Fair enough. I certainly have no intention of making any sort of daring escape, though it warms me, it chases away some of the dark and bitter shadows that have enclosed my mind, to think about Passepartout having done so.

Perhaps it is jealousy. Perhaps regret, or longing, or something more than all of those put together.

Chapter Text

I awoke to the shrillness of my alarm in the pitch-black early morning, as I had grown used to, in Smeerenburg at the top of the world.

It was the day I was to meet Passepartout, an adventurer, of all the sorts of people to walk out of a hunting balloon. His master easily afforded their passage as guests of the Artificer expedition toward the North Pole. Forgive me if I brush over the details of that expedition. It is not something I like to remember.

Not long after our arrival, judgment was passed on the crime of our arrival. The fallen Icewalker’s crew learned that we were to be kept on indefinitely: hidden away until the Council decided it was ready for Qausuittuq to be revealed to the outside world. The topic was a politically divisive one, and that decision, it seemed, could have been made in a week’s time, or after five years, or never at all. There were as many divided minds amongst our crew. Some were reluctantly accepting; some were livid; but most of the colder responses thawed, after a time, replaced with a tentative curiosity.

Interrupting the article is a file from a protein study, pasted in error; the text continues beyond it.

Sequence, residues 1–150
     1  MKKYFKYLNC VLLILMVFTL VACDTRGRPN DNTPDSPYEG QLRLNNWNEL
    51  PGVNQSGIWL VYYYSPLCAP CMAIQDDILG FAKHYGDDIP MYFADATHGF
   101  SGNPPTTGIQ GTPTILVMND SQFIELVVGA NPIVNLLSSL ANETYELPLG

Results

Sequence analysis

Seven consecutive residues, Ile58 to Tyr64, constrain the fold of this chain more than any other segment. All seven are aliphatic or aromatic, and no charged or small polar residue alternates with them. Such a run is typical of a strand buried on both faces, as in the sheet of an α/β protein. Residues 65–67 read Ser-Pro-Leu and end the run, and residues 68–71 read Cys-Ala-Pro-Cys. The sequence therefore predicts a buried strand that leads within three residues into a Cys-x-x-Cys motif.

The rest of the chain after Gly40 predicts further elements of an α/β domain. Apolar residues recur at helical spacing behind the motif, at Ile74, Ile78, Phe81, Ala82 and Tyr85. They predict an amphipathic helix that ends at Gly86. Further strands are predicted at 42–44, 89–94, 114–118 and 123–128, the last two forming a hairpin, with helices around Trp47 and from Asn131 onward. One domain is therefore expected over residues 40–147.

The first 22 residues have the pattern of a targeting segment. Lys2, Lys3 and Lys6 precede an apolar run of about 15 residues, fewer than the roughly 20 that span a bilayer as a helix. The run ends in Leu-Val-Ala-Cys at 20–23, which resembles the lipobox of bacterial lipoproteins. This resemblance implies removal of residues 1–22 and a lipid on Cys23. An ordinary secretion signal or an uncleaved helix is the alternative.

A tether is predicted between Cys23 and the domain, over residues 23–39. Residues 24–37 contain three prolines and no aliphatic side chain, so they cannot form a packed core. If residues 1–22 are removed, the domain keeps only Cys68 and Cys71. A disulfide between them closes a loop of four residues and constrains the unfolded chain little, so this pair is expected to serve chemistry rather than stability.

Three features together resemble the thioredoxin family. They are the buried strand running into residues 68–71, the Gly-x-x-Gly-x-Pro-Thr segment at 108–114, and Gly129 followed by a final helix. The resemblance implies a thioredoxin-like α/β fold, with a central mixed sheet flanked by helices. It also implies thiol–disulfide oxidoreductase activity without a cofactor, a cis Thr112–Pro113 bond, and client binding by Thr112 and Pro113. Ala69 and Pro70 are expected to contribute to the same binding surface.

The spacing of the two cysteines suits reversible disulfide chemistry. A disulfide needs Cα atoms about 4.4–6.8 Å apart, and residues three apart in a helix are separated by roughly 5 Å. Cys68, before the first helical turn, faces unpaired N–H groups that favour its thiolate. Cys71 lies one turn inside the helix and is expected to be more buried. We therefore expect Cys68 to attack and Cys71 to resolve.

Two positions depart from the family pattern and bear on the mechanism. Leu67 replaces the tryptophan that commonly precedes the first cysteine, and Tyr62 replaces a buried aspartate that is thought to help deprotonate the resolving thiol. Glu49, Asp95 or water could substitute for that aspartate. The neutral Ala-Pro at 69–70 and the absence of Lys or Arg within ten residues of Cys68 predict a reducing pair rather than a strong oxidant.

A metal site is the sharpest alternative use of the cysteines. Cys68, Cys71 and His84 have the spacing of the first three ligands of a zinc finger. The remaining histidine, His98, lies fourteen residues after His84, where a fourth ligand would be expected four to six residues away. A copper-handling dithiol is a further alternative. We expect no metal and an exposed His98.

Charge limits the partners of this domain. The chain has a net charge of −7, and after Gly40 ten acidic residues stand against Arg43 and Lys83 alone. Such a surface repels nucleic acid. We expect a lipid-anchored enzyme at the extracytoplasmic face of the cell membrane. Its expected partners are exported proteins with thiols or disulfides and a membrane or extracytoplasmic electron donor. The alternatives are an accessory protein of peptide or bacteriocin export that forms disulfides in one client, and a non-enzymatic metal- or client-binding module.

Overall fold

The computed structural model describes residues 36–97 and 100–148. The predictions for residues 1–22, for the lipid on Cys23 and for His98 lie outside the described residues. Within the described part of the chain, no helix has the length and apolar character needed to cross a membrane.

It was the latter sentiment that I shared, at least at first. Of all the places to be stuck in indefinitely, I reasoned, at least here was one where I could continue to learn and study. To be sure, it was not there for me to learn from it; the people here were understandably mistrustful of their ‘guests,’ and I could hardly accost strangers and demand they explain their everyday lives. Still, I could not help a welling of hopeful interest: it was a small concession in light of the overall situation, true, but Qausuittuq was overwhelmingly beautiful and impossibly real.

Passepartout and Fogg, we learned, had disappeared. No bodies turned up frozen in the tundra. It was eventually determined most likely that they had somehow made their way back out of the Arctic, down into the comparatively temperate rest of the world, though no one could imagine how.

It stung me harder than I could have imagined when I learned that. Passepartout and I had grown close, and in him I had finally found some sort of common ground, someone I could understand and who seemed to understand me. He had done his part to put the first piece of me back together. I loved him. I love him still; I know that now.